Crooked Still: The Golden Vanity (Buy Album)

Random Weekend Post: Crooked Still

Posted in Crooked Still on July 10, 2010 by AmericanaPulse

You can read my review of the new album from Crooked Still over at Country Standard Time. And while you’re doing that… here are a couple of YouTube videos of songs from the album.

Childsplayers: Aoife O’Donovan & Lissa Schneckenburger

Posted in Aoife O'Donovan, Crooked Still, Lissa Schneckenberger on August 6, 2009 by AmericanaPulse

On Tuesday, I told you about Childsplay, a group primarily composed of musicians united by the fact that they all play violins crafted by the same man… Bob Childs. I also promised to share with you some music from a couple of the musicians involved in the project. That’s why we’re here today.


We’ll start today with Aoife O’Donovan. O’Donovan (in the center of the picture above, wearing glasses) is the voice of Childsplay, but is most widely known as the vocalist for the contemporary bluegrass band Crooked Still. She actually founded the band in 2001 when she was asked to assemble a group for a concert at the New England Conservatory of Music.

The band has made quite a name for itself over the last decade by bringing their own unique sound to traditional stringband music. Their sound is defined by unique instrumentation that, in the early days of the band, often consisted of only banjo, cello, and double bass. A recent line-up change added Brittany Haas on fiddle and Tristan Clarridge on cello to go along with original members O’Donovan, bassist Corey DiMario, and banjo virtuoso Greg Liszt.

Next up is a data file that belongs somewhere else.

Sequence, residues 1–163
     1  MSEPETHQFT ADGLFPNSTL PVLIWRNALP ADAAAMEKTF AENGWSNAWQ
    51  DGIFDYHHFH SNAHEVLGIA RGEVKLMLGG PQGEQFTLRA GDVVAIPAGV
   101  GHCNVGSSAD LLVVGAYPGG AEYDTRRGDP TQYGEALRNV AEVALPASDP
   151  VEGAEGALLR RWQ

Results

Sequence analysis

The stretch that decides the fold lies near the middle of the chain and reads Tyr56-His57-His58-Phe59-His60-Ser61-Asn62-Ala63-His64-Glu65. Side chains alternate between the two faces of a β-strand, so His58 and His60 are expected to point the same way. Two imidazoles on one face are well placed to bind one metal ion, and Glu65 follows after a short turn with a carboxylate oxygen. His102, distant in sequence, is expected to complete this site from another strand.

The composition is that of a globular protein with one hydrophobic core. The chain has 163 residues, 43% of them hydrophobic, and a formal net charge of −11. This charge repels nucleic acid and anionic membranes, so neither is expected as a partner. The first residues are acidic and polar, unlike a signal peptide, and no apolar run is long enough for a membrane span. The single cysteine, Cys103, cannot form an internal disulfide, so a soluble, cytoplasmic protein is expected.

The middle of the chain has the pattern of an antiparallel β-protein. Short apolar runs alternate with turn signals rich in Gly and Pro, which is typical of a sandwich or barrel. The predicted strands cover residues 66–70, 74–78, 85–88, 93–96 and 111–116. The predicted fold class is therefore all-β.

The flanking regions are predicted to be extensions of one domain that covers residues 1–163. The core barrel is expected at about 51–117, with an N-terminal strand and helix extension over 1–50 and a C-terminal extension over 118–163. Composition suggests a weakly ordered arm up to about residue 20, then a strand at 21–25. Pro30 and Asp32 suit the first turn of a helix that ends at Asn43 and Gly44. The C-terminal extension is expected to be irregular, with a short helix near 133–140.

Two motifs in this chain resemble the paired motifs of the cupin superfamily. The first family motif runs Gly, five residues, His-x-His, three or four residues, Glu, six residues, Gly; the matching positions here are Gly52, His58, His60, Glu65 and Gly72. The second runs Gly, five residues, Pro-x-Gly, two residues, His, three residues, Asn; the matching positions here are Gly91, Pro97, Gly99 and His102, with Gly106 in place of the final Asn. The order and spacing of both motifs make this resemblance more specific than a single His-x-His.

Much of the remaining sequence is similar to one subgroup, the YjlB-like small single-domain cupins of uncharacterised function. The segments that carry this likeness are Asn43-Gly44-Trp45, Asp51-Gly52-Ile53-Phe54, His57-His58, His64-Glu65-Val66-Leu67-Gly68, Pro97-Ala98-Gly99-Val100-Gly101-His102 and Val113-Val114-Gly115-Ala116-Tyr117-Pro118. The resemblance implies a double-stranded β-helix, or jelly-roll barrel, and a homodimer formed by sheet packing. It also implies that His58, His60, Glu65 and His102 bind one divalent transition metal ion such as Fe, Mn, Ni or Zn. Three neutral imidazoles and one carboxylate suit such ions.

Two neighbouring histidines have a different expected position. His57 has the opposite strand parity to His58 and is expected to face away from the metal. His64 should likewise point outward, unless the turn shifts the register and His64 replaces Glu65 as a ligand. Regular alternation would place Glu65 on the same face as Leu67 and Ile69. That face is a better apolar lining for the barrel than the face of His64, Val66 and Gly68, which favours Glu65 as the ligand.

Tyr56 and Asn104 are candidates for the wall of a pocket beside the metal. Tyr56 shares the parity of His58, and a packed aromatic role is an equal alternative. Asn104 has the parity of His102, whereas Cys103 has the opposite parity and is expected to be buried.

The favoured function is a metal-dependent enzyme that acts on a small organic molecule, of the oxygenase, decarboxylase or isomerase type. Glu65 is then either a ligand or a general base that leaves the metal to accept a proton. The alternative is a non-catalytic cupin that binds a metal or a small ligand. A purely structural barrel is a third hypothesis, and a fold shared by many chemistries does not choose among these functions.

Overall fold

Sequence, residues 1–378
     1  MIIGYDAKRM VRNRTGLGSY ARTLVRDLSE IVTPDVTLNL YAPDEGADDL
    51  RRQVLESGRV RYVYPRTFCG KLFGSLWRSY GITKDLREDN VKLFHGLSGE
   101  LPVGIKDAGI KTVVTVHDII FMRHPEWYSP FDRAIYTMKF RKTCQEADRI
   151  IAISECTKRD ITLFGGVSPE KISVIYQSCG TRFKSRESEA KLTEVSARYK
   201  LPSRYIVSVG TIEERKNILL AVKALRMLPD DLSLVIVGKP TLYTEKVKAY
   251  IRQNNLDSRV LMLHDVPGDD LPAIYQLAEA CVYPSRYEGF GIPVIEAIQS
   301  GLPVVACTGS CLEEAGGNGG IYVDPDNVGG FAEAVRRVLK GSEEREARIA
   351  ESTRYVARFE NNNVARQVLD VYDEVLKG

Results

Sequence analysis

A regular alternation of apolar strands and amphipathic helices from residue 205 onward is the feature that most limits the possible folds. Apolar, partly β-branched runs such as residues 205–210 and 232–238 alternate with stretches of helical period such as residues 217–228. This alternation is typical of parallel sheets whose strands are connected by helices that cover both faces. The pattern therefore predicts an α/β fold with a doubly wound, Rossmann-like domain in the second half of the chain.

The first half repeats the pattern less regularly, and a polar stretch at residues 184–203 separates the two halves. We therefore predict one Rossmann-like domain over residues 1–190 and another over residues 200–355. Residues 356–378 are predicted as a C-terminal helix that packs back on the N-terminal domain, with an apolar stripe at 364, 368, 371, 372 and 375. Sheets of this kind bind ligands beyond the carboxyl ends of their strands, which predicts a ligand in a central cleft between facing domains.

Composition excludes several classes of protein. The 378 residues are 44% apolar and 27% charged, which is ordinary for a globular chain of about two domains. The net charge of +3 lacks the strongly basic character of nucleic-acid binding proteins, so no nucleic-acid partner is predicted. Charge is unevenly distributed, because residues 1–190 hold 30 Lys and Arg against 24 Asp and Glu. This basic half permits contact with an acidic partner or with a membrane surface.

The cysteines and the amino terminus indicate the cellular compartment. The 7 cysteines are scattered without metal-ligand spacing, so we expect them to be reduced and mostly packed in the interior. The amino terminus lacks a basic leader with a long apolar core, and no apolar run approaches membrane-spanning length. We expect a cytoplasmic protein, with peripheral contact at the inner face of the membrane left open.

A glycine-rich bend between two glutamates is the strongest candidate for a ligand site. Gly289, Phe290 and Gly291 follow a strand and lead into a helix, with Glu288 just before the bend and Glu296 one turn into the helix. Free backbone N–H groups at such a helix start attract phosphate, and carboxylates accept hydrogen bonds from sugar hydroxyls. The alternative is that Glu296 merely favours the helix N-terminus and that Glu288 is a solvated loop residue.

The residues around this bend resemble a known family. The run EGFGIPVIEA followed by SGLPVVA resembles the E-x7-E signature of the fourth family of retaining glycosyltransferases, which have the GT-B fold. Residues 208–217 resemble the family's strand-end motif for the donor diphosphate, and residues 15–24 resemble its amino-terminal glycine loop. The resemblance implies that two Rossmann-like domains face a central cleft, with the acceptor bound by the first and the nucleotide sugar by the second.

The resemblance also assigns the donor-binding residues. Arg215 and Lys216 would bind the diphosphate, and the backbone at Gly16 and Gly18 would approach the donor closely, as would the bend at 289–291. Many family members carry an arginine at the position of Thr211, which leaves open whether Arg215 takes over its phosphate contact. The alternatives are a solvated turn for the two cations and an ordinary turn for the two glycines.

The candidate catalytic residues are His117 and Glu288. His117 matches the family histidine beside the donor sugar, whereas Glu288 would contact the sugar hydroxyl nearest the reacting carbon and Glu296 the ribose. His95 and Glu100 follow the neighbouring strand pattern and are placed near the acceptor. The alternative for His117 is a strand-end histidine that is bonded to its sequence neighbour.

Here are two tracks from Cooked Still. The first is Bill Monroe’s “Can’t You Hear Me Calling,” the lead track from their 2006 album Shaken By a Low Sound. It showcases the band in its original configuration of bass, banjo, cello, and vocals to stunning effect. I’m also sharing the traditional “Tell Her to Come Back Home” from 2008’s Still Crooked. This showcases the band in it’s current incarnation and lets the fiddles run a bit. Tim O’Brien provides guest vocals.
Crooked Still: Can’t You Hear Me Calling (Buy Album)
Crooked Still: Tell Her to Come Back Home (Buy Album)

The second artist I’d like to share today is fiddle player Lissa Schneckenburger. Like O’Donovan, Schneckenburger is a graduate of the New England Conservatory of Music and a member of Childsplay.

Schneckenburger hails from Maine and has been playing the fiddle since she was six years old and is now an accomplished singer/songwriter and a true student of the instrument she wields. Her primary influences come from the traditional music of New England and the Canadian coast. She recently spent time digging through the music archives of the University of Maine to try to rediscover some forgotten tunes of the region. In 2008 Schneckenberger released a collection of those forgotten ballads called Song. She is currently working on a follow-up collection of old time fiddle tunes called Dance.
I was first introduced to Schneckenburger’s music in 2005 when I received a copy of her self-titled release. I immediately fell in love with an instrumental track from the album called “Melissa without the Me/Eric’s Birthday.” I played it constantly on Americana Crossroads at the time, and I’d like to share it with you here. I’m also sharing one called “Like the Snow” from her 2001 album Different Game (with thanks to Cover Lay Down for introducing me to the tune).
Lissa Schneckenburger: Melissa without the Me/Eric’s Birthday (Buy Album)
Lissa Schneckenburger: Like the Snow (Buy Album)
Just for fun… here’s some YouTube goodness from both artists…